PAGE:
Nova Design Build, Inc. v. Grace Hotels, LLC., No. 08 C 2855, Slip Op. (N.D. Ill. Mar. 25, 2009) (Der-Yeghiayan, J.).

Judge Der-Yeghiayan granted in part and denied in part plaintiffs’ Fed. R. Civ. P. 12(b)(6) motion to dismiss defendants’ counterclaim copyright infringement case. Plaintiffs claimed that they developed plans for a Holiday Inn Express hotel defendants planned to build, and that defendants infringed the copyrights in plaintiffs’ plans by revising them with another firm and using them without plaintiffs’ permission. The Court previously held that plaintiffs’ copyright claim was sufficiently pled — click here for more on that opinion and the case generally in the Blog’s archives.  After that opinion, defendants answered the complaint and filed a counterclaim seeking among other things declaratory relief.  The Court dismissed the counterclaim as to plaintiff Annex whom defendants agreed should be dismissed.  And the Court struck defendants’ request that plaintiffs’ complaint be struck because the Court already denied defendants’ Rule 12(b)(6) motion to dismiss.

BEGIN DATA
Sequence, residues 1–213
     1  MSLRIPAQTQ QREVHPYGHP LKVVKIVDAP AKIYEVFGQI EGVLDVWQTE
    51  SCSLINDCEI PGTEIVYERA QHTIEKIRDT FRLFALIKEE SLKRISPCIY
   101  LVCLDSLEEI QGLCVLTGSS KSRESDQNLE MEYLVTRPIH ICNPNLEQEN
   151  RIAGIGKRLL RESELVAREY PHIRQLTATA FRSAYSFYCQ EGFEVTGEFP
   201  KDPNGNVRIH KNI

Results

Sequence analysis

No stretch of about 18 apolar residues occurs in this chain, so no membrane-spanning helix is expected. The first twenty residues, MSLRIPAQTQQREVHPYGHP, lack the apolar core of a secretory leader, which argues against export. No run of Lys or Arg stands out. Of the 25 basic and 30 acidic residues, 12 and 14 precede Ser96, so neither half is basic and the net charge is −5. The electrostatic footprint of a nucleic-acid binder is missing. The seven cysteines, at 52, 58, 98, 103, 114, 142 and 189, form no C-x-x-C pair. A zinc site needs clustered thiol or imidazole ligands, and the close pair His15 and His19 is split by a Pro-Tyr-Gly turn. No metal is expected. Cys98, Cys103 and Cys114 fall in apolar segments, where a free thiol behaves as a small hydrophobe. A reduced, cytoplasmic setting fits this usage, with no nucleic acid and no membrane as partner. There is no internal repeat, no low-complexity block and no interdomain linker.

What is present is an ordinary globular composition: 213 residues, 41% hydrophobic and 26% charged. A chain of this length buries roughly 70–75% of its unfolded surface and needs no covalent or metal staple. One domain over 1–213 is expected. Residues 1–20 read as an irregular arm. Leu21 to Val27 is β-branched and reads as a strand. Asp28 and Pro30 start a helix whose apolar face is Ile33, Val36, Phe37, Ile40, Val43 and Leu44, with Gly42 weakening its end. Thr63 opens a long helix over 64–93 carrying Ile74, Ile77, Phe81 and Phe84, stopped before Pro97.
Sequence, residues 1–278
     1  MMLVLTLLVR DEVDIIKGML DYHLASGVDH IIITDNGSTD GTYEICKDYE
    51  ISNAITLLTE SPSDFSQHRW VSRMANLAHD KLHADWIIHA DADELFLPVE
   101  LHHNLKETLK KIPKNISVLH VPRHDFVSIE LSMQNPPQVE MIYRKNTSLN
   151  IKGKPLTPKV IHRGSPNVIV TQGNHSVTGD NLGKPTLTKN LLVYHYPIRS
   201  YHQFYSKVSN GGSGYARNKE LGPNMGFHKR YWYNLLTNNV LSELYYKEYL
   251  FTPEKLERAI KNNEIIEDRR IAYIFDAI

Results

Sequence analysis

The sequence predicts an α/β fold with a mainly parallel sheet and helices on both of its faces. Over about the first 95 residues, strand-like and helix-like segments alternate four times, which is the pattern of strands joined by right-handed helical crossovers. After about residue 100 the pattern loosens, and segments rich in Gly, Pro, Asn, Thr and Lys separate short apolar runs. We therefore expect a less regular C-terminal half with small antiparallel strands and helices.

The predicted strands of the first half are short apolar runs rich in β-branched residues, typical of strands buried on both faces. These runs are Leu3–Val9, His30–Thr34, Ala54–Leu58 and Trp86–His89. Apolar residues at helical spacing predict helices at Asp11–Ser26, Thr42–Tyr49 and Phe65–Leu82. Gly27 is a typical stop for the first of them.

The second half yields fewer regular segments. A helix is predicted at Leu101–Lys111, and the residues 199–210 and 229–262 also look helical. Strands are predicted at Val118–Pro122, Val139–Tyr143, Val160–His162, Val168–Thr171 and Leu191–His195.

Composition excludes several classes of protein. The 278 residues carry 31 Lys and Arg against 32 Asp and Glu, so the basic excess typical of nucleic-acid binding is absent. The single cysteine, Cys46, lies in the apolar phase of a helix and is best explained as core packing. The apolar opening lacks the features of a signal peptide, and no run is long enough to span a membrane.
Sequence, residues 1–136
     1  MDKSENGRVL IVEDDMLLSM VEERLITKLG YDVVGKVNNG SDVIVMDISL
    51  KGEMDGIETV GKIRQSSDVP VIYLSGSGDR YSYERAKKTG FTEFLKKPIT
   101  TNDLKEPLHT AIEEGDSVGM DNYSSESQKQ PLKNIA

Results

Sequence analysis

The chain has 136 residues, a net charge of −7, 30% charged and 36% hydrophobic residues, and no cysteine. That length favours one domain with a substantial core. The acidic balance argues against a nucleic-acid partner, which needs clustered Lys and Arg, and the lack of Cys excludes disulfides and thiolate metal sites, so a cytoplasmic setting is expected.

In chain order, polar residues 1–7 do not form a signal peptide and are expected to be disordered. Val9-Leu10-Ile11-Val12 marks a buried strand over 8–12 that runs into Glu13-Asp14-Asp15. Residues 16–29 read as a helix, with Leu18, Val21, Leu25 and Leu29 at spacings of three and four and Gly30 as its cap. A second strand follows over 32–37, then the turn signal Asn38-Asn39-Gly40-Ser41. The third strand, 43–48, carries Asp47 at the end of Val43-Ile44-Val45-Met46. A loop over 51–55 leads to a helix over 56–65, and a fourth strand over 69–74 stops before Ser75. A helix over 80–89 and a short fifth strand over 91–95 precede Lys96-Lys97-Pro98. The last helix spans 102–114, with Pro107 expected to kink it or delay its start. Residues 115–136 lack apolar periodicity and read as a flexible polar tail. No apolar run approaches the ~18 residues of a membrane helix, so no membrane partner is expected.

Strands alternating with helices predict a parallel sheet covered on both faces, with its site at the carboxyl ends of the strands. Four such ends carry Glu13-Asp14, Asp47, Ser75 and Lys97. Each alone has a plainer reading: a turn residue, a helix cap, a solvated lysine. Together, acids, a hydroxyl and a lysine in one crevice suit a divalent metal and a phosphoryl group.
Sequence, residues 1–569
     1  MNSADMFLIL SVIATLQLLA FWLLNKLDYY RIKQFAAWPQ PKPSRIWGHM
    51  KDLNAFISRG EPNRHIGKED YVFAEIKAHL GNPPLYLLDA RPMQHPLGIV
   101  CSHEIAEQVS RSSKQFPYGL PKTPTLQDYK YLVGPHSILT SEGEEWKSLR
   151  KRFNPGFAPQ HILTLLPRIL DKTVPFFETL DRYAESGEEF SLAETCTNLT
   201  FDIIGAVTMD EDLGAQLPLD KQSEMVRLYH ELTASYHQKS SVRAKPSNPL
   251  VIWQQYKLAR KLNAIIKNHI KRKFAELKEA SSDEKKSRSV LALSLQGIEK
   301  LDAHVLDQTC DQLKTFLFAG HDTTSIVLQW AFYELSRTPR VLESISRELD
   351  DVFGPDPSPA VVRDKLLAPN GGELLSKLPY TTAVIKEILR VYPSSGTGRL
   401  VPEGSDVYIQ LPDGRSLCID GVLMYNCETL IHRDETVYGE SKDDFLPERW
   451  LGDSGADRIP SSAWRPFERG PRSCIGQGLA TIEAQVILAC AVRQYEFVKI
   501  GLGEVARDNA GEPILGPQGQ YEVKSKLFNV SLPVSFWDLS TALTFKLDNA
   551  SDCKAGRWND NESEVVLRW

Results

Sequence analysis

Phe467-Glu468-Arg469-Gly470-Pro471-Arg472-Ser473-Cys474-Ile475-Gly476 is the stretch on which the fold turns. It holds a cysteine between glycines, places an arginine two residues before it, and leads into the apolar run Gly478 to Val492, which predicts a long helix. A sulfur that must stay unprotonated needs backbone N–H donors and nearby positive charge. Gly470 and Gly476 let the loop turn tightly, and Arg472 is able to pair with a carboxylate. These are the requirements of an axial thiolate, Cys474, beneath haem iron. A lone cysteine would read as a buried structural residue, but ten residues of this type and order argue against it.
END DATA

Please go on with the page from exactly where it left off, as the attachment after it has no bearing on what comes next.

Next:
But the Court denied to dismiss defendants’ counterclaim.  Plaintiffs argued that the counterclaim should be dismissed because it was not clearly pled, the legal basis was not specifically identified and it lacked factual detail.  But the Court held that notice pleading did not require good grammar or organization, nor were specific facts required.  Because defendants’ counterclaim put plaintiffs on notice that their copyright was allegedly a derivative works to which defendants maintained certain rights.  To the extent plaintiffs believed additional information, the appropriate remedy was a Rule 12(e) motion for a more definite statement.  But the Court noted that a more definite statement was not required in this case because defendants’ counterclaim put plaintiffs on notice.